Valuing Subscription-Based Businesses Using Publicly Disclosed Customer Data

Daniel M. McCarthy, Peter S. Fader, & Bruce G.S. Hardie
Article Snapshot
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Key Takeaways

​External stakeholders (e.g., investors, competitors, suppliers, regulators) can make better short- and long-term revenue forecasts by modeling customer acquisition, retention, and spend using firms’ quarterly customer metric disclosures. 

Customers are long-lived assets, yet current accounting rules do not allow firms to treat them as such. 

Using our customer modeling framework, firms can not only estimate the overall valuation of firms, they can also estimate the expected lifetime value of newly acquired customers and perform customer-based segmentation.

​Article Snapshots: Executive Summaries from the Journal of Marketing​

We develop a framework for linking the value of a firm’s customers to the overall value of the firm, incorporating key empirical realities associated with how customers are acquired and retained, with an underlying valuation model that lives up to the high standards of financial professionals.



Research

Our research is motivated by a desire to show financial professionals that publicly disclosed customer data are very informative for corporate valuation purposes, and by linking customer data to firm valuation, we hope to get marketing departments the visibility they deserve within the C-suite. The gap in the literature to date is that the underlying models of customer acquisition and retention do not adequately reflect empirical realities associated with these behaviors (e.g., the effects of seasonality and customer tenure), and the valuation model used is not up to the standard of finance professionals.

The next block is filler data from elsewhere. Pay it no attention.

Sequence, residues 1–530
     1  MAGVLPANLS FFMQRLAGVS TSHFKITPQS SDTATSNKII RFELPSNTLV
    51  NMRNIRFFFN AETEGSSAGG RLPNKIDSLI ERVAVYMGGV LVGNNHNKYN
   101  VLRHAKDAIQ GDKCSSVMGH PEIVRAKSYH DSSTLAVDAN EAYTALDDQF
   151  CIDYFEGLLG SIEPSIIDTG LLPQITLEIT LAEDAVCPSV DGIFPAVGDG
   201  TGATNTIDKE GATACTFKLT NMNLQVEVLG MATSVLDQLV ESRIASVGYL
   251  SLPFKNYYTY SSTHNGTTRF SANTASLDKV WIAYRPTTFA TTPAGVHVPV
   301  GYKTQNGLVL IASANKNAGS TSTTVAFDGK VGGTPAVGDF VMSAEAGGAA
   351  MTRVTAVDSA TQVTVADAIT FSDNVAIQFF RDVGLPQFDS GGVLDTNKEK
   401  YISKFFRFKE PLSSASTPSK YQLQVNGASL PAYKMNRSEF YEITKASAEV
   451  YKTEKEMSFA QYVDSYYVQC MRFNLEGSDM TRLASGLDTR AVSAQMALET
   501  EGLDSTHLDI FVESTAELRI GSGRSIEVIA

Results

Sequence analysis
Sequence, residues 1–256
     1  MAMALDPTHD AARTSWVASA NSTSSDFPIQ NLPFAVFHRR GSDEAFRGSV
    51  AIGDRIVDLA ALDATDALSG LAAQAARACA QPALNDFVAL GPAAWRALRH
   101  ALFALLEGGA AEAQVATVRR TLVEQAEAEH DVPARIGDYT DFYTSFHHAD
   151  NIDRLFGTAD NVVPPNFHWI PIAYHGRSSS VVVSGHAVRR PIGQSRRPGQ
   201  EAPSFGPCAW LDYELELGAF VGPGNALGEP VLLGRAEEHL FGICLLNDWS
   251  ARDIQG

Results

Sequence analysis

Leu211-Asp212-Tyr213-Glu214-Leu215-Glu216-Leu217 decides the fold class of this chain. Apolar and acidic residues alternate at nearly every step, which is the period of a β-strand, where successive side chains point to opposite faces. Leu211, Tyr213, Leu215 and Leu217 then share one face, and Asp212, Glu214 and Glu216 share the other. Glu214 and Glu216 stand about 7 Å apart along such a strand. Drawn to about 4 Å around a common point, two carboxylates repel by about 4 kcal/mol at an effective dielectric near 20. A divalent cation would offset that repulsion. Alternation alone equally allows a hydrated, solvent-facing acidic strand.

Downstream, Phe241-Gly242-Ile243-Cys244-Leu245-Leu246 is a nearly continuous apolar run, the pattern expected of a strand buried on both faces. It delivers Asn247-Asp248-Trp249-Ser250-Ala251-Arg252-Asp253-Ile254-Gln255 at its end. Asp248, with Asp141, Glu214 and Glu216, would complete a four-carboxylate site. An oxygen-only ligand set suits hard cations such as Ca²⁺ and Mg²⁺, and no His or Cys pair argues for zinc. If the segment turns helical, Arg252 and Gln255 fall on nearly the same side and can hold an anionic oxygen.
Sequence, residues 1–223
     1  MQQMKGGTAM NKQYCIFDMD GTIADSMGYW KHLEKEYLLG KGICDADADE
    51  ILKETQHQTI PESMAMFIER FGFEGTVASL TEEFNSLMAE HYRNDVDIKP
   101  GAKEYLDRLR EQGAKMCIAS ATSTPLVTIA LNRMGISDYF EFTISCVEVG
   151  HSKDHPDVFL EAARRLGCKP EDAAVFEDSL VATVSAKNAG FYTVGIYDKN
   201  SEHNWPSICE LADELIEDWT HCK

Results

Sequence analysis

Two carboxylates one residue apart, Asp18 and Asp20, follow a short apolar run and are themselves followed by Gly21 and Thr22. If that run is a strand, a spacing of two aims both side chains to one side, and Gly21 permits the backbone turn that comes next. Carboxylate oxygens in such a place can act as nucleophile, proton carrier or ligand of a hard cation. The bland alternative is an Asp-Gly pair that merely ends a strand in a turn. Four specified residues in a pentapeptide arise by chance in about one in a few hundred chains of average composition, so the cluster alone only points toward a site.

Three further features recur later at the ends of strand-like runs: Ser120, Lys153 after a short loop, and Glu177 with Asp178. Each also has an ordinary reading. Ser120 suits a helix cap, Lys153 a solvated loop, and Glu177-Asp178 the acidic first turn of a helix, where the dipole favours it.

Method

We propose a novel model for how customers are acquired, retained, and spend while they are active. We showed how this model can be estimated with quarterly data reporting total customers acquired and lost, ending customer counts, and revenues. We then apply this framework to data from two public companies, Dish Network and Sirius XM. 


Findings

We show through a rolling prediction analysis that we can make very accurate long-term predictions of future customer metrics using the proposed model. Our valuation estimates for the two publicly traded companies studied, Dish Network and Sirius XM, are very close to then-current stock prices. We infer that the average Dish Network customer has a very long expected lifetime (5.5 years) and is quite valuable, with a future lifetime value of $1,426 after he/she has been acquired. 

Implications

We show that investors can make better stock price and revenue predictions for companies disclosing simple customer metrics. Knowing this, investors should use our model when analyzing firms that disclose these metrics and should demand that these metrics be disclosed for firms who do not disclose them already. Correspondingly, managers will be more accountable than ever for the drivers of a healthy customer base—namely, how many customers are acquired, how long those customers are retained for, and how profitable they are while alive.


Questions for the Classroom

  • What aspects of how customers are acquired and retained should we make sure to include in our model for them? 

  • Given data on the number of customers acquired and lost each quarter, how can we estimate the parameters of a customer acquisition/retention model?

  • How can we compute customer lifetime value using a customer-based valuation model?


Article Citation

McCarthy, Daniel M., Peter S. Fader, & Bruce G.S. Hardie (2017), “Valuing Subscription-Based Businesses Using Publicly Disclosed Customer Data,” Journal of Marketing,  81 (1), 17-35.
doi: http://dx.doi.org/10.1509/jm.15.0519


Daniel McCarthy is a doctoral candidate, Department of Statistics, The Wharton School, University of Pennsylvania (e-mail: danielmc@wharton.upenn.edu).

Peter S. Fader is Frances and Pei-Yuan Chia Professor of Marketing, The Wharton School, University of Pennsylvania (e-mail: faderp@wharton.upenn.edu).

Bruce G.S. Hardie is Professor of Marketing, London Business School, University of London (e-mail: bhardie@london.edu).


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Daniel M. McCarthy, Peter S. Fader, & Bruce G.S. Hardie
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